The Town of Twisp has received a $900,000 Community Development Block Grant through the state Department of Commerce that will be used to make much-needed upgrades to the town’s sewer and water treatment systems.
The grant is one of 21 awarded to support vital infrastructure projects in rural communities, the department said. In total, Commerce doled out $10.8 million in grants. The projects awarded funding were selected from 37 grant applications requesting $18.5 million.
Twisp Public Works Director Andrew Denham said the $900,000 grant is a portion of the funding for a $3.6 million sewer collection system upgrade program that will rehabilitate 12,000 feet of the town’s 42,000 feet of sanitary sewer, as well as reconstruct one of the three sewage lift stations and replace the biosolids equipment at the wastewater treatment plant. Other funding will come from a $1.776 million grant from the U.S. Department of Agriculture (USDA), and a USDA loan of $915,000 to be repaid at an interest rate of 1.125%.
“The plan is to start with the first phase of sewer collection rehabilitation in 2021 on the Twisp Avenue reconstruct project, while designing the more-complex components of the project in 2021 and then construct phase 2 in 2022,” Denham said in an email.
The State CDBG program receives an annual funding allocation from the U.S. Department of Housing and Urban Development and targets assistance to benefit lower-income populations in rural areas.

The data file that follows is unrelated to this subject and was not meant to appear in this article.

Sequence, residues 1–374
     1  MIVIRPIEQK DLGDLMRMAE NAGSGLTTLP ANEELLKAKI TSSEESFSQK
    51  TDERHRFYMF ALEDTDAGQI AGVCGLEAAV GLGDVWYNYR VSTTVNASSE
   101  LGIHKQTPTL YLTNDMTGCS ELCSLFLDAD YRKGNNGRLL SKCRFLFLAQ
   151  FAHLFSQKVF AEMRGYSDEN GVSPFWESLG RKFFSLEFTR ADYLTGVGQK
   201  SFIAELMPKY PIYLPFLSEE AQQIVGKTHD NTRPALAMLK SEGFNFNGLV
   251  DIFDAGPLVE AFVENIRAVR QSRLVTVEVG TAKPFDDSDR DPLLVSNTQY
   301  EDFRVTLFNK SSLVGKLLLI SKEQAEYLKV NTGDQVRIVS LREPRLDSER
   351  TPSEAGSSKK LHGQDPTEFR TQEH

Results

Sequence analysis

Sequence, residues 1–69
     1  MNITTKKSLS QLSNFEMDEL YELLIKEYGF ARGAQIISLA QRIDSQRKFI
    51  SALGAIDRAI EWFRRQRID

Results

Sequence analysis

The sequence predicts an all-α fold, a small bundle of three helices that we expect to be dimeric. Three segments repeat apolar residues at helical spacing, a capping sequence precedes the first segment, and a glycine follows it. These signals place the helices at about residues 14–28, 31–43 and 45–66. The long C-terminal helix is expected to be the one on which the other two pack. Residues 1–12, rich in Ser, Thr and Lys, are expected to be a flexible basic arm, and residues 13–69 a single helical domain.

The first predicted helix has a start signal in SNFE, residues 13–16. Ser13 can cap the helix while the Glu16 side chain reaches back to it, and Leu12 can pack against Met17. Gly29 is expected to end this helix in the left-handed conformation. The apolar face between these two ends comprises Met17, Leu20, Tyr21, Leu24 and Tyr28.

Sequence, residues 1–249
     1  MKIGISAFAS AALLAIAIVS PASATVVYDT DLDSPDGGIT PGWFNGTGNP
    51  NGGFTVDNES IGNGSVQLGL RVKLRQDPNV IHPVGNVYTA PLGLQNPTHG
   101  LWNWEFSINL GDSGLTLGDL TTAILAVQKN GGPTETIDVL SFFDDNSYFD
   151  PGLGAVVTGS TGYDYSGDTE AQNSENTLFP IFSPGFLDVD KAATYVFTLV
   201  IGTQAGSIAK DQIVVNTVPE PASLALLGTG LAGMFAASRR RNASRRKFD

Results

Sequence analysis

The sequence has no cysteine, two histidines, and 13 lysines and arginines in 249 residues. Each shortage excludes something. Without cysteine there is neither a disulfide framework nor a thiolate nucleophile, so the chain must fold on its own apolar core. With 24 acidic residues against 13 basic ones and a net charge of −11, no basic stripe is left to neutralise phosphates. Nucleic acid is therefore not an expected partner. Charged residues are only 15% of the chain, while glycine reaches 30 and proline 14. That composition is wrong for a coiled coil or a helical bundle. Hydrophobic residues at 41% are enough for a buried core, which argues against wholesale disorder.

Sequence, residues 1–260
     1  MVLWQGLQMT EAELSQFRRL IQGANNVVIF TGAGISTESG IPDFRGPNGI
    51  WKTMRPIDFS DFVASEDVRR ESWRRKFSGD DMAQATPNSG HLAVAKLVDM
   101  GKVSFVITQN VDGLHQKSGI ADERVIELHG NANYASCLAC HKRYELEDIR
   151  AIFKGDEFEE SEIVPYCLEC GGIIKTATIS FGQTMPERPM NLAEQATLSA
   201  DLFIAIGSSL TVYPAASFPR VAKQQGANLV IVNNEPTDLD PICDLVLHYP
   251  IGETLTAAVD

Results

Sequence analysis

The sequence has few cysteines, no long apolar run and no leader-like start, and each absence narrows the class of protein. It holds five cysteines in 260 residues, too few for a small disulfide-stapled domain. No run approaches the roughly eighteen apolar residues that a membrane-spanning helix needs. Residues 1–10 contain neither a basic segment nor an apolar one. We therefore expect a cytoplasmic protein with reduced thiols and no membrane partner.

In addressing the sewer system issues about a year ago, town officials noted in a grant application that the pipes and pumps that deliver sewage to the treatment plant are in such disrepair that “they are in imminent threat of a catastrophic discharge of raw sewage” into the Twisp or Methow rivers.
An inspection of the sewer pipes in 2017 using a remote-control camera found 26% of the lines need to be repaired or replaced. Problems include “cracked and broken sewer pipes, severe root intrusion, displaced sewer main joints, deteriorated and leaking manholes, collapsed sewers and other defects,” according to the town’s earlier grant application.
Identified as among the wastewater system’s most pressing needs were new sewer lines, upgrading the pump system at a lift station, and improving the handling and storing of biosolids at the treatment plant.
The town’s 2018 application for a Community Development Block Grant from the Department of Commerce was rejected. Officials set about looking for ways to reduce the overall cost of the projects in order to make their application more competitive, which paid off in this year’s grant award.